There are lots and lots of different movies on the indie horror market these days, but very few of them feel anything like those of Sculpting Fragments’ Guy Pearce. No, not the Memento star, the former YouTube film critic turned underground horror director. While he only has two short films currently available—the comedic Guinea Pig send-up The Rope Maiden (2013) and the highly disturbing psychological horror movie Difficulty Breathing (2017)—he’s already defined a unique voice built on a deep knowledge and real burning passion for bizarro cinema.
Recently, I had the pleasure of speaking to Guy and picking his brains about Japanese cyberpunk, aggressive soundscapes, meeting oddball filmmaker extraordinaire Shozin Fukui, and more.
It’s clear you take a ton of cues from underground Japanese cinema, particularly Japanese cyberpunk and extreme horror. What about these films inspires you?
Guy Pearce: The Japanese cyberpunk genre defies all law and logic of cinema—it’s great! Like a big f--k you to all things that were considered acceptable, even in underground cinema. Japanese cyberpunk often involves some fantastic sort of physical metamorphoses, like we’ve been introduced to and gotten used to from Cronenberg’s movies, but they’ve upped the level to an almost exhausting state.
You started out doing YouTube videos of underground horror and gore films—what sparked the jump from critic to filmmaker, and how did you adjust?
Guy Pearce: I think everyone who is a movie fanatic would like to have a go at filmmaking at some point in their life, whether a reviewer or not. I was just reviewing as a hobby and somehow managed to get quite a following, so my audience for a potential movie was already there. In terms of adjusting, it was just, "Do it and see what happens." No experience, no training, no expertise. Just a love of film.
Your first released film, The Rope Maiden, plays sort of like an absurdly black comic twist on the faux-snuff entries of the Guinea Pig franchise—like Flower of Flesh and Blood by way of a YouTube tutorial video. What caused you to go this route?
Guy Pearce: As I mentioned before, my audience for a potential movie would be the followers I already had on my channel, so it had to be catered for them somehow, which is where a lot of the ideas came from. Also, I needed to be able to make something that didn’t really require much help from other people due to lack of a team. So, much like a Youtube video, I would start filming, do the scene, then shut off the camera.
During the film, there are brief flashes to bizarre, comedic BDSM-themed ads. What’s the story behind those?
Guy Pearce: I don’t think I ever actually explained that, it’s more of a figure it out for yourself sub-plot. So I’ll just leave it at that.
It’s a bit funny that your first film has so much comedy, because your other film, Difficulty Breathing, is an incredibly disturbing and upsetting short film about trauma, paranoia, and depression. It’s a bold tonal shift to make in your second film—what was behind that choice?
Guy Pearce: As a film fan, I love a variety of different genres. So I just make whatever I’m interested in, really. For the past few years I’ve been heavily into themes surrounding female hysteria, which led me to make Difficulty Breathing. I’ve also wanted to make a single-set film for a long time, so with that in mind, the themes of depression and isolation fitted well. The film I made after Difficulty Breathing is closer to The Rope Maiden’s atmosphere.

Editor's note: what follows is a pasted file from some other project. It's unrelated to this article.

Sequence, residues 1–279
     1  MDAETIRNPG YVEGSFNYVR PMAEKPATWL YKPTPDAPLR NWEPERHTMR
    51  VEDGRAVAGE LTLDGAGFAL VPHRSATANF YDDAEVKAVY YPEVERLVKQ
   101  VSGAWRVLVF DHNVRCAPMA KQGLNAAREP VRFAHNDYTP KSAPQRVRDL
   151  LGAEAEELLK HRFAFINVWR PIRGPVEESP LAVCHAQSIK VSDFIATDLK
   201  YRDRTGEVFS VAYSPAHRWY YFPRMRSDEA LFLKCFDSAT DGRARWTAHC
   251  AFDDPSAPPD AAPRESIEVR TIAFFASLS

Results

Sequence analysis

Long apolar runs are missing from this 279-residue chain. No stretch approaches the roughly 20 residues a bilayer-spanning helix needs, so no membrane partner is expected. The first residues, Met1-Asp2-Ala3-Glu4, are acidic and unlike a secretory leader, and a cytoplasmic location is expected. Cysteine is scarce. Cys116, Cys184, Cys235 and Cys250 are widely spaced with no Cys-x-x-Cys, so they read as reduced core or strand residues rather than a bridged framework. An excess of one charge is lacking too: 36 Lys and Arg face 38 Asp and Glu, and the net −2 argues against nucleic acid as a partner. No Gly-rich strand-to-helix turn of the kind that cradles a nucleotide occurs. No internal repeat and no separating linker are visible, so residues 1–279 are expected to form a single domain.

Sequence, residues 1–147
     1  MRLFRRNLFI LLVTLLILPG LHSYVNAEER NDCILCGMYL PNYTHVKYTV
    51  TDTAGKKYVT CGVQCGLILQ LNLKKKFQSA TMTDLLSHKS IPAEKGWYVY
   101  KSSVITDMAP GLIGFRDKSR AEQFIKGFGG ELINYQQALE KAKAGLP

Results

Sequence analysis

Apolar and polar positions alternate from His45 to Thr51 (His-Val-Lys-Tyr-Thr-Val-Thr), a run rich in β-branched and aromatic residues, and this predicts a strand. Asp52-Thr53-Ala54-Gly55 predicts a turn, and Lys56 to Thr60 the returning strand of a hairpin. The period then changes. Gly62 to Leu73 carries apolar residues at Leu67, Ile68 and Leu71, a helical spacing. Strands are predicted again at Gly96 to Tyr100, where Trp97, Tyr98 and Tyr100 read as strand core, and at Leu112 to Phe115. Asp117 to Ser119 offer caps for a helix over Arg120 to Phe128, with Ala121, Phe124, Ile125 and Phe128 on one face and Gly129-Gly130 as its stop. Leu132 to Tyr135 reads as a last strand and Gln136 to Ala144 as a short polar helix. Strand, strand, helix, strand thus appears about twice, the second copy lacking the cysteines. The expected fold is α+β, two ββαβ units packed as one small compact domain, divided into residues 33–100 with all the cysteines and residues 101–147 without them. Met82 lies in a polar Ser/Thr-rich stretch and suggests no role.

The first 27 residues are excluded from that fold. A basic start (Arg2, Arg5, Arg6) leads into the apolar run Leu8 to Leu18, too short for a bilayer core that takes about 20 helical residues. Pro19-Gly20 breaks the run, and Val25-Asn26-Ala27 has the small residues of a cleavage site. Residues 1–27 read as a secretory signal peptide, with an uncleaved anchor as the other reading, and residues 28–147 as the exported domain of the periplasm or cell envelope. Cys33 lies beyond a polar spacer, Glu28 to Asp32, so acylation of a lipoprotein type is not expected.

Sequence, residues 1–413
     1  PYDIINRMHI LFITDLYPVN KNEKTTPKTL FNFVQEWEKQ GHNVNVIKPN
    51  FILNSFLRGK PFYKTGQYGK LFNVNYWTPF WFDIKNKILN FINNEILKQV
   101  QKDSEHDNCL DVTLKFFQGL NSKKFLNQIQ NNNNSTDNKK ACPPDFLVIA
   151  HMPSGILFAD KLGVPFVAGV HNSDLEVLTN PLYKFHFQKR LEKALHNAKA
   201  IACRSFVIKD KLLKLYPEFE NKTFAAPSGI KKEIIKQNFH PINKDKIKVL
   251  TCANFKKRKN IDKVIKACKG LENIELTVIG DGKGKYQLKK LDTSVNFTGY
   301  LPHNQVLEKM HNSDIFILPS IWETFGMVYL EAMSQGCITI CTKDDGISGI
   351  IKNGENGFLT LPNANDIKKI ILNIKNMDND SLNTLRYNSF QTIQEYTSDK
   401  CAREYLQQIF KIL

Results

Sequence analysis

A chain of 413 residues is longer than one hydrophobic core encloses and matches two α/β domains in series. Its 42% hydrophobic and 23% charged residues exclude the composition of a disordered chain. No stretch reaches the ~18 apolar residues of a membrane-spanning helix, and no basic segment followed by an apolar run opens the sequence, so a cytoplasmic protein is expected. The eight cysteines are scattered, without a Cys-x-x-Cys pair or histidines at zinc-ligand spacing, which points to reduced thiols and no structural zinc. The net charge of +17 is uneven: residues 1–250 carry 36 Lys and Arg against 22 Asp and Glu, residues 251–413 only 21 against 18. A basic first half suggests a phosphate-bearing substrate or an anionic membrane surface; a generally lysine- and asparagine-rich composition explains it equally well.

A lot of the horror in Difficulty Breathing comes from the sound—it features a Tetsuo-esque opening crawl urging the viewers to PLAY LOUD over wailing harsh noise, and a good chunk of the film has that sort of Irreversible discomforting frequency playing under it. Why did you decide to have sound play such a big role in the film?
Guy Pearce: Difficulty Breathing was hugely inspired by the Japanese cyberpunk films, in particular those of Shozin Fukui, so a harsh noise assault was inevitable. As well as one of the themes being isolation, there was no need to write any lines, so the atmosphere relies heavily on the audio. The noise was kindly made for me by WRITHE.
Difficulty Breathing takes place almost entirely in one apartment, but it feels like just about every shot views it from a unique and bizarre angle, almost making it into an alien space. How did you accomplish this?
Guy Pearce: Actually, I didn’t really think much about it while filming. If you have seen the "doodles to screen" extra on the DVD, I literally just had ideas for scenes with not much planning, and then shot them how I felt on the day.
You’re a big fan of the experimental horror filmmaker Shozin Fukui, even putting shades of his ultra-weird "vomit terrorism" movie Gerorisuto in Difficulty Breathing. He also provides the pull quote for the film’s DVD, where he calls it “deeply strained.” What was it like getting him to comment on the film?
Guy Pearce: He’s been a huge influence on me, not just in filmmaking, but on my life since I first met him seven years ago. After I finished editing Difficulty Breathing, I gave him a copy and he told me his thoughts on it, which alone was a huge honor for me. To have his remarks on something that I’ve created is a very special feeling. Not one I can sum up in words.
With these two films under your belt, what’s next for you?
Guy Pearce: I’ve already finished a new short film called ウンコーヒー (Uncoffee) which has been playing around various venues in Japan the past two months and won an award at Shintaro Kago’s Shit Film Festival. I’m going to continue making a couple more light movies before going back into a bigger, heavy piece for a while.
Photo Credit: Above photo from Facebook.